repelling into the abyss.


hydroponic cukes & a plethora of yard animals (halfway short of an ark)

— 11 months ago
Shocking wealth disparity in America

The top 400 individuals in the United States now own a greater share of wealth than the bottom 180 million Americans put together. 

Truthout “Free Market Mythologies” by Thomas Hanna

— 1 year ago
On swearing and its usefulness

I don’t swear for the hell of it. Language is a poor enough means of communication. We’ve got to use all the words we’ve got. Besides, there are damn few words anybody understands. 

—Jerome Lawrence, Inherit the wind 

— 1 year ago
Your Grandma Might Have Been Bullied Exactly Like This →

This video portrays the experiences of immigrants in America around 100 years ago. But how far have we really come since people were treating immigrants like outsiders a century ago? Watch some of their experiences and decide for yourself. 

(Source: upworthy)

— 1 year ago with 14 notes
Big impact is possible

Never doubt that a small group of thoughtful, committed citizens can change the world; indeed, it’s the only thing that ever has.

Margaret Mead 

— 1 year ago
Optimism, Colin Powell

Perpetual optimism is a force multiplier.

— 1 year ago
Kennicott writing about Taryn Simon’s photo exhibit

"Simon’s rabbits make the banality of evil palpable, the way in which we learn to look past the humanity in an image when some higher power — political, religious, scientific — tells us it’s necessary."

"Critic Review for Taryn Simon," Kennicott, Nov 2012, Pulitzer prize winner 2013

— 1 year ago
Shameful media neglect

Resistance From a Cage: Julian Assange Speaks to Norwegian Journalist Eirik Vold

Eirik Vold, Truthout: ”It’s shameful,” Assange says, “that a handful of activists in WikiLeaks have published more secret documents than the entire establishment press, with all its billion-dollar budgets, technical competence and human resources, altogether.”

— 1 year ago
"

Pop icons like Madonna perpetuate a faulty understanding of Indian culture by selecting exotic images from India, such as the bindi, taking them completely out of cultural context and popularizing them in the West. What people like Madonna don’t realize, however, is that appropriating the bindi in such a way has devastating effects on the symbol’s meaning in South Asia. For example, while in Delhi over the summer, I was hard pressed to find plain red bindis, finding instead very flashy, so-called “export quality” bindis, replete with sparkles and a variety of colors. The bindi is no longer what it once was—a symbol of being Hindu and of having a symbolic union with God. Now, it is not only a fashionable item to wear, but is also produced mass-produced specifically for export to other countries. The Madonnas and Gwen Stefanis of the world—along with those who have blindly followed their example—have successfully changed the meaning of the bindi in South Asia, for the worse.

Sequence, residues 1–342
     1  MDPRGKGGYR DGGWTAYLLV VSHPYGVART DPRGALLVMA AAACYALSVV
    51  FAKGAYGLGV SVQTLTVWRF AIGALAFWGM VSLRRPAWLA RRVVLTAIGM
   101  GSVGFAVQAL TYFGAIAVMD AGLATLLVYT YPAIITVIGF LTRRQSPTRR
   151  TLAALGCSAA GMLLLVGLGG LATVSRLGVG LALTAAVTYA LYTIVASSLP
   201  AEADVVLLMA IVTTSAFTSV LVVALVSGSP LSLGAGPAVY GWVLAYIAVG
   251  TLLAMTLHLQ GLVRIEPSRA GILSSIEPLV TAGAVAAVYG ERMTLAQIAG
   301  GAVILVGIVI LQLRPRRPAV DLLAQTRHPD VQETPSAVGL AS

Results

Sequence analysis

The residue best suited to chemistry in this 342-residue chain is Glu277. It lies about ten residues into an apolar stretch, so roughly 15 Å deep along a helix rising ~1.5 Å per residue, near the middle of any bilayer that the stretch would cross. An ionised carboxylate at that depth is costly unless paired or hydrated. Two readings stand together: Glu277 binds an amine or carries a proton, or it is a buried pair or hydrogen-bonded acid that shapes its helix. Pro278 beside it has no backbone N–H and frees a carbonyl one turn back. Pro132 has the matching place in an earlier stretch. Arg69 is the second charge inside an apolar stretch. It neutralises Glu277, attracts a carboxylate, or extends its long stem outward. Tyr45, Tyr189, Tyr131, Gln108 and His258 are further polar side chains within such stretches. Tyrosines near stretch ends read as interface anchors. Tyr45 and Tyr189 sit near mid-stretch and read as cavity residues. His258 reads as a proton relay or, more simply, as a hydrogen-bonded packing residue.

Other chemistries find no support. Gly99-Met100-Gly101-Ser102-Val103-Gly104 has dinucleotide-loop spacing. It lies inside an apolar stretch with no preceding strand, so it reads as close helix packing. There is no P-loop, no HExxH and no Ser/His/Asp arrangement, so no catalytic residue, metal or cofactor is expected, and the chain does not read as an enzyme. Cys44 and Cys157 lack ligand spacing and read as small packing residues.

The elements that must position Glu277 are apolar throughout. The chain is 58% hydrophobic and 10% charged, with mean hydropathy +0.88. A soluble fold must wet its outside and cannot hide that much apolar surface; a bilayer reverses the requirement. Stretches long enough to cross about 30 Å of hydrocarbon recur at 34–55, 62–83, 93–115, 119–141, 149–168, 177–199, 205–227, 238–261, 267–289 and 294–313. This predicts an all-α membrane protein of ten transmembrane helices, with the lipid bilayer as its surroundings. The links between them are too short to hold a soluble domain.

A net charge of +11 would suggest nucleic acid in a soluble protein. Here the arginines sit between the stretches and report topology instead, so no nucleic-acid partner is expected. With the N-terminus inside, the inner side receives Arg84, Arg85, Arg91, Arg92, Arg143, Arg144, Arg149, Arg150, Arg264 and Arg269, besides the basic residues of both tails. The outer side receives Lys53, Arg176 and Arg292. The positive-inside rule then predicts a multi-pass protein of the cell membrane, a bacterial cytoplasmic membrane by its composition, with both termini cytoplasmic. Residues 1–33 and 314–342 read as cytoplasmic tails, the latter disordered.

…One could argue that the bindi phenomenon is a good thing because it could motivate interested Americans to examine diverse South Asian cultures and histories more closely. Even though this might be true, I resent the fact that a culture should be considered worthy of study or attention because of the fashion appeal of its symbols or traditions.

Assigning new cultural meanings to symbols with very old traditions or deep personal significance is inappropriate and insensitive. It reduces the complexities of South Asian culture to mere physical items, rather than the continual process that culture is.

So please—don’t wear bindis, and don’t think of my homeland simply as the origin of yoga, incense, and exoticism if you are going to ignore the context and meanings of these cultural components as well as the reasons why we “ethnic folk” appreciate, treasure, and cling to them.

"
— 1 year ago with 865 notes
In early 1984 on Good Morning America, Ronald Reagan defended himself against charges of callousness toward the poor in a classic blaming-the-victim statement saying that “people who are sleeping on the grates…the homeless…are homeless, you might say, by choice.”
*Note the poster behind the person.

In early 1984 on Good Morning America, Ronald Reagan defended himself against charges of callousness toward the poor in a classic blaming-the-victim statement saying that “people who are sleeping on the grates…the homeless…are homeless, you might say, by choice.”

*Note the poster behind the person.

(Source: thisweak, via upworthy)

— 1 year ago with 62761 notes

sparkamovement:

Women at work during WWII. Photos by Alfred T. Palmer via The Library of Congress

(via upworthy)

— 1 year ago with 5254 notes
America’s journey to confront gun-violence

"Our journey is not complete until all our children, from the streets of Detroit to the hills of Appalachia to the quiet lanes of Newtown, know that they are cared for, and cherished, and always safe from harm."

President Obama, Inaugural address 2012

— 1 year ago
Biofuels deception

"[F]or the year 2008, the US government spent $4 billion in subsidies to replace about 2 percent of the US gasoline supply. The average cost to taxpayers for these "substituted" traditional gasoline barrels was roughly $82 per barrel, or $1.95 per gallon on top of the gasoline retail price."

Bio Fuels White Paper, 2010
http://www.bakerinstitute.org/publications/EF-pub-BioFuelsWhitePaper-010510.pdf

— 1 year ago